MAScarpone not MARscapone Cake ;)
I had never baked with mascarpone (an Italian cream cheese) before, but I had some leftover from a tiramisu.
I decided to make a simple cake, not a cheesecake, but a cake made with flour and lemon zest. Sort of like my ricotta cakes, but if I dare say, this one takes the cake.
It is so ridiculously simple to make, you will wonder where it's been all your life.
But if I may, just a small rant.
The word is MAS-carpone, not MAR-Scapone. So many professionals mispronounce this word. If I hear Bobby Flay say MAR-scapone one more time on television, I am going to scream!
The correct way to say it is exactly how it is spelled. Mas-car-pone.
"MAS-CAR-PONY" in Italian.
I know, I am not even Italian.
Glad I got that out of the way ;)
Here is the recipe for this wonderful cake.
1 cup or a bit more of mascarpone cheese (an Italian cream cheese)
1 cup sugar
1/2 cup vegetable oil (it won't hurt you)
1/2 tsp almond extract
zest of a lemon
1 1/2 cup flour
1 1/2 tsp baking powder
I actually used a handmixer for this one. I usually don't, but wanted it to be nice and fluffy.
Whip the eggs with the mascarpone, sugar, zest and extract. Add in the oil and keep mixing.
Lastly, add in the flour and baking powder and whip until you have a nice fluffy yellow batter.
Butter and flour a 9" cake pan (I use a Nordicware cake pan).
Smooth the batter into the prepared pan and bake in a 350F oven for 30 minutes.
Let cool in the pan 15 minutes then invert onto a cooling rack.
Dust with powdered sugar after cake has cooled.
Serve with berries or whipped cream or both!
Moist, light and delicious.
I'm in love.
P.S. you have eggs listed twice.
I am wondering about whipping in flour. I was taught, somewhere back in The First Ice Age, that flour must be handled gently lest it toughen up. Folded in or beaten in very sloooowly and gently on the lowest speed for the shortest time. That was obviously not a problem with this cake … ????
For those of us who don’t have a handy Italian deli, can cream cheese be whipped up and used as a substitute or is that a forgetaboutit?
I was in the middle of warshing my face when your comment came thru.......LOL. ;)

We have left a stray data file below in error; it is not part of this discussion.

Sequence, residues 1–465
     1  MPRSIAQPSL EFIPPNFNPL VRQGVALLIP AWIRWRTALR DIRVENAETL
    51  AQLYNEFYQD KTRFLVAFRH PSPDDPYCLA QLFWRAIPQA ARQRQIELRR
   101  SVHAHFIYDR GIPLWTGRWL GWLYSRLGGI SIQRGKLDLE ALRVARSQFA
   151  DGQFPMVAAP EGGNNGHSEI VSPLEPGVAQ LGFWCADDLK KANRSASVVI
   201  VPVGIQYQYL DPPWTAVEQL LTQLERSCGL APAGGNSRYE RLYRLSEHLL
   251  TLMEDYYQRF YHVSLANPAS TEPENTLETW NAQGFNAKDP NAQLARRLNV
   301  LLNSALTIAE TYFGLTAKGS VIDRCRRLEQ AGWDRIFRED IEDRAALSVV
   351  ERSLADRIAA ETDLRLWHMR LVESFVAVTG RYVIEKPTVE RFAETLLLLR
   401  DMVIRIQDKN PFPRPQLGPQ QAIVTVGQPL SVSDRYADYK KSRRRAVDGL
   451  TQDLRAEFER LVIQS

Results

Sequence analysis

I made the correction. Thank you!
Nope. No substitutions.
It's a mascarpone cake.......the idea is to use this lovely Italian sweet cream cheese.
I am sure you could, but then it's no longer a MASCARPONE cake, right?
Giada drives me crazy when she says it- not sure why...
You tell them! dont even get how Mars ever got in that word!
This cake looks sooo good.
thanks for sharing
It's Bru-sket-ah NOT bru-shet-ah...
It's tur-mer-ik NOT toom-er-ik
An authentic Caprese salad (Insalata Caprese) NEVER includes balsamic vinegar. The dish is named for the storied Isle of Capri, a splendid island located off the coast of Southern Italy. We can see Capri from our home in Praiano on the Amalfi Coast. Ingredients include milky, fresh mozzarella, slabs of San Marzano tomato, a generous bouquet of bright green basil and a drizzle of local olive oil. Balsamic is delicious. May I suggest a trip to Modena. Balsamic is king there. It's a quick trip from Modena to Maranello where the Ferrari is made. Fun day trip...
Can we be best friends?
I have been screaming for the last 11 yrs on this blog that bruschetta is BRU-SKETTA! However, since I don't speak Italian fluently, I come off as a food snob (which I am!).
People can't even pronounce Ralph Lauren's name correctly.
But hey, we can't always be right all the time, right?
I was always taught that Caprese (CA-PRASAY) salad was red, white and green for the Italian flag....I am sometimes guilty of drizzling balsamic on top....but usually just summer tomatoes w/ good olive oil, and salt, basil from my garden......can't wait!
Thanks for your comment!
Giada pronounces every Italian word correctly.......she speaks fluent Italiano and is 100% Italian....but I know a lot of people who it drives crazy when she says MOZZARELLLLLLLLA!
On the other hand, growing up, when we received catalogues from Williams Sonoma, I, never having heard its correct pronunciation, read 'Sonoma' as if it were a cross between sonogram and enema. I mean, I poured through those catalogues, and mentally sang, "Yay! Another catalogue from Williams Sawnema," every time one came in the mail. At some point, I cheerily told my dad about some cool cooking gadget in the Williams-Sawnema catalogue, and he practically fell off his chair laughing. I refused to believe him when he told me the actual pronunciation. He was like, "Haven't you heard of the Sonoma Valley?" Uh, no, Dad. We live in Cheyenne, Wyoming, so, ya know, I mighta missed that one. But, it was toooooo late. That seed was deeply planted, and it took years to overcome the mental hurdle- Sawnema? SaGNOMEa? Sawnema? SaGNOMEa? After years of therapy, and the help of this little mental trick that my husband inadvertently provided me (in response to my lust for all things kitchen,) I've finally gotten a handle on it: Just say NO to Williams SoNOma. As a pneumonic device, it's great. As practical advice? Nah.
I can beat that one....when I was a kid, I pronounced the designer perfume Chloe "SHLOW". My mother corrected me and said it is KLO-EE, not SHLOW.
Hey, you live and learn.